Wednesday, July 24, 2019

Fecal Matters: The health of Washington beaches

Beach in King Count. Many people of various ethnicitues are on the beach and in the water.
There have been a number of health advisories issued for Washington beaches this year. A lot of people are wondering why and if this is typical.

This year there have been five health advisories issued due to high levels of fecal bacteria during routine testing. There have also been 11 closures to water contact at beaches affected by sewage spills. That is more than we have seen in the past few years at this point in the summer beach season.

How Washington beaches stack up

We collect data throughout the year and issue an annual health report for beaches. 

Ninety-five percent of beaches monitored received a passing grade in 2018, revealing that Washington's saltwater beaches are safe for swimming and recreational activities.

We have been monitoring water quality at beaches for 15 years. The number of monitored beaches that had less than two swimming closures or advisories improved by 19 percent over the last three years. 

Chart: 2004 - 2018 showing number of days beaches were open.

Communities continue to replace old, failing septic systems and repair or improve infrastructure. Those efforts have a positive effect on water quality and can reduce high levels of bacteria in the water.

In 2018, Bay View State Park, Kayak Point County Park, and Sooes Beach had more than one sampling event in the advisory or closure range. For that reason, these three beaches were considered not passing beaches. 

BEACH partners work together to monitor water quality

From Memorial Day through Labor Day, our scientists and county and local BEACH partners collect water samples from 201 sites at 67 of Washington's most popular saltwater beaches. 

The water samples are tested for bacterial contamination. This information helps health officials issue swimming advisories to keep the public safe!

Water is tested for fecal bacteria

Local health departments, counties, tribes and volunteers collect water quality samples weekly or bi-weekly. The samples go to state accredited labs to be tested for enterococcus, a type of fecal bacteria. 

The fecal indicator enterococci is used, because this indicator better correlates with swimming-related illness than other fecal indicators, like fecal coliform or E.coli.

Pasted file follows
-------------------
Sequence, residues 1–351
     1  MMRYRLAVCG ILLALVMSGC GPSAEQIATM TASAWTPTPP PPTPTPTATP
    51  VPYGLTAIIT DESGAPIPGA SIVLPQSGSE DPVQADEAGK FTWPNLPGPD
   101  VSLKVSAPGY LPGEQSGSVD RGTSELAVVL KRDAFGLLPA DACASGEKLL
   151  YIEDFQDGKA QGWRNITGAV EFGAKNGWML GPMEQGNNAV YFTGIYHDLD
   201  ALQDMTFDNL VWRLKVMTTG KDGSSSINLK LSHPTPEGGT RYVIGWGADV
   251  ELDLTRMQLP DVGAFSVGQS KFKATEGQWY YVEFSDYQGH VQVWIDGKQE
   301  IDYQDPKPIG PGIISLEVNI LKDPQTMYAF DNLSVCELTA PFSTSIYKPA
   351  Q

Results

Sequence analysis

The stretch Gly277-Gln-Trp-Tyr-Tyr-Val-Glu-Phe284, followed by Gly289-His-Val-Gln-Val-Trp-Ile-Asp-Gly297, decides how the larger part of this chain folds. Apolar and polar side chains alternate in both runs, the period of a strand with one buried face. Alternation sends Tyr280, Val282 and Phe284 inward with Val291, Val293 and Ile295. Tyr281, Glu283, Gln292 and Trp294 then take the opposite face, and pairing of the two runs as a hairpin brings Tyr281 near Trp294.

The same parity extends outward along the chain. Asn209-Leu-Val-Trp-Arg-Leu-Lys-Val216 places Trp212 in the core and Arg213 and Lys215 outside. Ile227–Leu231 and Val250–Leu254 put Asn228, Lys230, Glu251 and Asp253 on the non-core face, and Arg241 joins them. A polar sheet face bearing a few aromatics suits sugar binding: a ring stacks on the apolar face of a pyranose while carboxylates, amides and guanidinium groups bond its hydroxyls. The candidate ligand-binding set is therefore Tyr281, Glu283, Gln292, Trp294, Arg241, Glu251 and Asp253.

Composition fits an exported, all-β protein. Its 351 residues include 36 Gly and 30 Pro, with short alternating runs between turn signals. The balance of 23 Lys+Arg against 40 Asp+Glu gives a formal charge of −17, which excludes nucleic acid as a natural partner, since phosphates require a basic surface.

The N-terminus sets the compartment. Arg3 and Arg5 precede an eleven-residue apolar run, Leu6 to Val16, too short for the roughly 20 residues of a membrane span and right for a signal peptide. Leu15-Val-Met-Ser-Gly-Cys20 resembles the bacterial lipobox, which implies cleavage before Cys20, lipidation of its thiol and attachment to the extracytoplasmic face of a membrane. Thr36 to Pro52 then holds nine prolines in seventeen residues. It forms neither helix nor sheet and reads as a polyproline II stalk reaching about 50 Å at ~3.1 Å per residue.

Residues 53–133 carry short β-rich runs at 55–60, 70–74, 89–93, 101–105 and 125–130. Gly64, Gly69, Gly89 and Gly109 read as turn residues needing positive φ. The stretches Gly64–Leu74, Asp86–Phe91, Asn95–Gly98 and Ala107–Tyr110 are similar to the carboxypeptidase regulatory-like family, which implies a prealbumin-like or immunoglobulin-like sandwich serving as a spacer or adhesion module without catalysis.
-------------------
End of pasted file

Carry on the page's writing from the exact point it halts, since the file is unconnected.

Issuing no-contact advisories

Water sample tray.
Water samples in a Quanti-Tray.
Like most states in the U.S., our BEACH Program makes decisions about water quality based on EPA's National Beach Guidance. Because we are part of a federal grant program to fund beach monitoring, we also use grant performance criteria as part of our decision-making process. 

When fecal bacteria levels exceed the EPA and grant performance criteria, we work with local health departments to issue a health advisory at the beach. Follow-up water samples are taken and if bacterial levels had dropped into the safe swimming range the advisory is lifted.

Ecology and EPA 2018 beach reports

Our 2018 health report shows how beaches performed. You'll find the top swimming beaches for water quality by county and beaches that did not meet swimming standards last year. You can read our 2018 beach water quality summary online.

EPA also prepares a national summary of beach closings and advisories that states, territories, and tribes issued during the 2018 swimming season as well as data trends from 2013 to 2018. 

Storm drain with water pouring onto the shoreline.
Storm drains at shorelines
can be a source of bacteria.
According to EPA's report, the nation’s monitored coastal and Great Lakes beaches were open and safe for swimming 95 percent of the time during the 2018 swimming season, similar to previous years. You can read EPA’s BEACH Report: 2018 Swimming Season online. 

Sewage spills and combined sewer overflows

When counties notify the Washington BEACH Program team of a sewage spill, we work with the county to preemptively issue a closure to water contact at affected beaches because we know that sewage is in the water. Depending on the volume of the spill, these closures will usually stay in place from 3 – 7 days. 

Stay updated about water quality at your beaches by keeping up with us on our blog Fecal Matters, on Facebook, or join our listserv.

By Julianne Ruffner, BEACH program manager
Media contact: Camille St. Onge, 360-584-6501 or
Contact Julianne at 360-407-6154 or for questions.

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